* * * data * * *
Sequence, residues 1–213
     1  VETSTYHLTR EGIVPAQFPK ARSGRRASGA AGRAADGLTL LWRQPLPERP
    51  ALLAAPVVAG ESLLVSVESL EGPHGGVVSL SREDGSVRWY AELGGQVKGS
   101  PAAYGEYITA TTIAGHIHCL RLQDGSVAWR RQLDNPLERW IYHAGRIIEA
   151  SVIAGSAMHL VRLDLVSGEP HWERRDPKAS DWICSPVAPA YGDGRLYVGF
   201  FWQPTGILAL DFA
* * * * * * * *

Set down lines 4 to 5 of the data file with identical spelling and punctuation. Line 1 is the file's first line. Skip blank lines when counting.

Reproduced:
   101  PAAYGEYITA TTIAGHIHCL RLQDGSVAWR RQLDNPLERW IYHAGRIIEA
   151  SVIAGSAMHL VRLDLVSGEP HWERRDPKAS DWICSPVAPA YGDGRLYVGF